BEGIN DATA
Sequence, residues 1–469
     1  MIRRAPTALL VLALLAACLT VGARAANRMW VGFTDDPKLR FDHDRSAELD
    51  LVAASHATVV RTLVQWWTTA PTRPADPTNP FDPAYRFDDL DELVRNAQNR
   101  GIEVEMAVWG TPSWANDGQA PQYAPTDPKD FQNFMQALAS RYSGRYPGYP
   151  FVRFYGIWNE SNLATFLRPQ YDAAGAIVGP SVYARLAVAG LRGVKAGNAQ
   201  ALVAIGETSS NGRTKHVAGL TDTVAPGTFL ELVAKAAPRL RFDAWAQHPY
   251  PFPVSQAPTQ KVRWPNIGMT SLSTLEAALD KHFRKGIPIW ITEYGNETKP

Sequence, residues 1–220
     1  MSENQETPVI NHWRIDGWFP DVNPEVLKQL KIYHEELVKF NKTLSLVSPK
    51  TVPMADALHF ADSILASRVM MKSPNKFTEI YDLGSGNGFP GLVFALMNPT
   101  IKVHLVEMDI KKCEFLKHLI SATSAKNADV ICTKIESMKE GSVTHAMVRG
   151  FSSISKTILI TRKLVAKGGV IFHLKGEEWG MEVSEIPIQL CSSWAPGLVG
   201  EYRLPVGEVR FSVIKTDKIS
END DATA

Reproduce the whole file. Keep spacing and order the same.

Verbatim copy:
Sequence, residues 1–469
     1  MIRRAPTALL VLALLAACLT VGARAANRMW VGFTDDPKLR FDHDRSAELD
    51  LVAASHATVV RTLVQWWTTA PTRPADPTNP FDPAYRFDDL DELVRNAQNR
   101  GIEVEMAVWG TPSWANDGQA PQYAPTDPKD FQNFMQALAS RYSGRYPGYP
   151  FVRFYGIWNE SNLATFLRPQ YDAAGAIVGP SVYARLAVAG LRGVKAGNAQ
   201  ALVAIGETSS NGRTKHVAGL TDTVAPGTFL ELVAKAAPRL RFDAWAQHPY
   251  PFPVSQAPTQ KVRWPNIGMT SLSTLEAALD KHFRKGIPIW ITEYGNETKP

Sequence, residues 1–220
     1  MSENQETPVI NHWRIDGWFP DVNPEVLKQL KIYHEELVKF NKTLSLVSPK
    51  TVPMADALHF ADSILASRVM MKSPNKFTEI YDLGSGNGFP GLVFALMNPT
   101  IKVHLVEMDI KKCEFLKHLI SATSAKNADV ICTKIESMKE GSVTHAMVRG
   151  FSSISKTILI TRKLVAKGGV IFHLKGEEWG MEVSEIPIQL CSSWAPGLVG
   201  EYRLPVGEVR FSVIKTDKIS